And a myriad of other false and occultic teachings.
Another popular teacher, Benny Hinn, joined the circuit with his frequent “revelations” which are anti-biblical such as that the Father, Son and Holy Spirit each have a body, soul and spirit and that there are “nine of them.”(6) In addition Hinn has taught that Christ ceased being God and became one with Satan and had in place of His divine nature a Satanic nature.(7)
According to Hinn, there were two deaths of the cross: a spiritual death, then a physical one. Jesus died first spiritually. At that point He literally took on the nature of (or became one with) Satan. Also, at that point, Jesus lost His deity and God the Father deserted Him. Then Jesus died physically and His spirit (which at that time was only the spirit of a man) was taken to hell.(8)
In 1979 a young oneness Pentecostal and Word Faith teacher by the name of T.D. Jakes founded his first church in Montgomery, WV. Within ten years he was a widely accepted and sought after author and speaker. He is now the pastor of one of the largest multiracial churches in the United States in Dallas, TX. Oneness Pentecostal pastors, Phillips, Craig and Dean are a very well known and accepted “Christian” contemporary musical group who have performed in many Evangelical venues including Willow Creek Community Church and Moody Bible Institute. Their music can also often be heard on Moody Bible Institute radio stations.
The 1980s also saw the acceptance of the “Signs and Wonders Movement” as Vinson Synan points out:
Added to these is the newest category, the “Third Wave” of the Spirit, which originated at Fuller Theological Seminary in 1981 under the classroom ministry of John Wimber. These consisted of mainline Evangelicals who moved in signs and wonders, but who disdained labels such as “pentecostal” or “charismatic.” By 1990 this group numbered some 33,000,000 members in the world.(9)
In turn this birthed Rodney Howard Brown’s “Holy Laughter” revival, the “Toronto Blessing,” “Brownsville Revival” and a number of variations which further substituted the experiential at the sacrifice of Scripture, truth and orthodoxy.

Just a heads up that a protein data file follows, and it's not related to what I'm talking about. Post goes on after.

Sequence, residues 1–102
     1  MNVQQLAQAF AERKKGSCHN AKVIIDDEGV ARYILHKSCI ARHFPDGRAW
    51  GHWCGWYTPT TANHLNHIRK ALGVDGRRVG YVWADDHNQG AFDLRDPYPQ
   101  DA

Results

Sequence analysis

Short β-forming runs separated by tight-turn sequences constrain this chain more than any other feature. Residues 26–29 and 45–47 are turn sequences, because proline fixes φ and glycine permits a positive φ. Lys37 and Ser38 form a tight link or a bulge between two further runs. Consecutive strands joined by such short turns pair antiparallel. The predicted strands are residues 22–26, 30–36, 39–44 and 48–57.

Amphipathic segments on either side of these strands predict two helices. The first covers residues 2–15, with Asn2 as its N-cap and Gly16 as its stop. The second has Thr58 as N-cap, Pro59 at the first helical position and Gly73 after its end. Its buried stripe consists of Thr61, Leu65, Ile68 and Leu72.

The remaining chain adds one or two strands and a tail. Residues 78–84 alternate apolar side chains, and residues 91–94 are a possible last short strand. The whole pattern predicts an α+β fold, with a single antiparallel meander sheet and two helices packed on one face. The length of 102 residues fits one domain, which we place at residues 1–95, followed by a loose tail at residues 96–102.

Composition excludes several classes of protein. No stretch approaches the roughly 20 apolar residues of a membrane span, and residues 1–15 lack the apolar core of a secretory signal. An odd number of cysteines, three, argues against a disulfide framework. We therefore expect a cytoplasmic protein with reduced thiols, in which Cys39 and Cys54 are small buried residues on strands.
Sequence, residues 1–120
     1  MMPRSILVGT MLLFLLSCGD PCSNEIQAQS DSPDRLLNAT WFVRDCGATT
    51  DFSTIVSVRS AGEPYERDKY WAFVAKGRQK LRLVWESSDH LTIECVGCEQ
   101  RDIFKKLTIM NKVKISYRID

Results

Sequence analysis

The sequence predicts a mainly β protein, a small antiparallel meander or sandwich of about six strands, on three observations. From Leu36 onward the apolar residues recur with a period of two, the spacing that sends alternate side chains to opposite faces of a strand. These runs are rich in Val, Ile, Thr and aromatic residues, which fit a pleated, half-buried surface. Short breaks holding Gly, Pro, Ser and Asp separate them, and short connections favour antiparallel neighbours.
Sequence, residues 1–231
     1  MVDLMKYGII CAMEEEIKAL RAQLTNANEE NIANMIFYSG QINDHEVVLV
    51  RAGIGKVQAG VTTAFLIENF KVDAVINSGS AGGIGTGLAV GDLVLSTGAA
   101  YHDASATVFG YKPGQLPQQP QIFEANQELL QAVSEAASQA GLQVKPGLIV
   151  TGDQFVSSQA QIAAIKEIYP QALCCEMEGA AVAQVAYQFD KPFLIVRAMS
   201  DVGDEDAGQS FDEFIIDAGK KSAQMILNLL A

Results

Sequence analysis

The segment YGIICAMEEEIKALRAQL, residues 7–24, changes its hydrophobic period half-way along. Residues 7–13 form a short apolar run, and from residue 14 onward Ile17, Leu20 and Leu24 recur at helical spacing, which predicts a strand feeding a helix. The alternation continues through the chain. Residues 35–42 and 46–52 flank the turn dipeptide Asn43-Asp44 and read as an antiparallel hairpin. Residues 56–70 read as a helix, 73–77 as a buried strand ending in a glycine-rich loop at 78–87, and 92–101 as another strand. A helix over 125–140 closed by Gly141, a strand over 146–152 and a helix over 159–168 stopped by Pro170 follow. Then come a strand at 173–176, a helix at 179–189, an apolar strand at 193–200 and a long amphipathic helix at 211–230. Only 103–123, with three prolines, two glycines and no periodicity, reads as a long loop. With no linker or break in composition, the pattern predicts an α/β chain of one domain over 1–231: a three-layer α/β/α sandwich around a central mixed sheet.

Make no mistake, many well intentioned people are involved in each of these four movements (the Protecting, the Popular and the Political and the Prosperity Church Movements), but the death of sound teaching in deference to pragmatism, has had a devastating effect on the Body of Christ. Left virtually unchecked we are now dealing with the exponential growth of false teachers seeking to profitably fill the self interest of the human psyche.
The church has made major shifts in focus which obvoiusly impacts its view of itself and its place in the world. Over the next couple of weeks Jonathon Miles will pick up with a sort of recap of the last few blogs to show how this has impacted the church and individual beleivers.
1 Hank Hanegraaff, CRI Statement DC755-1, “What’s Wrong With the Faith Movement (Part one): E.W. Kenyon and the Twelve Apostles of Another Gospel,” http://www.equip.org/free/DC755-1.htm
2 Kenneth Copeland, “The Force of Love” audiotape
3 “Following the Faith of Abraham I”, 1989 audiotape #01-3001 side 1
4 Holy Bible, Kenneth Copeland Reference Edition 1991, 45, emphasis in original
5 “Following the Faith of Abraham I”, 1989 audiotape #01-3001, side 1
6 Benny Hinn, “A New Spirit,” Orlando Christian Center Broadcast, Trinity Broadcasting Network, October 13, 1990.
7 Benny Hinn, Orlando Christian Center Broadcast, Trinity Broadcasting Network, December 9, 1990
8 G. Richard Fisher and M. Kurt Goedelman, The Confusing World of Benny Hinn, Personal Freedom Outreach, Eighth Edition, May 2001, p.20.
9 Vinson Synan, Phd., The Origins of the Pentecostal Movement, The Holy Spirit Research Center, January 4, 2002, p. 14; http://www.oru.edu/university/library/holyspirit/pentorg1.html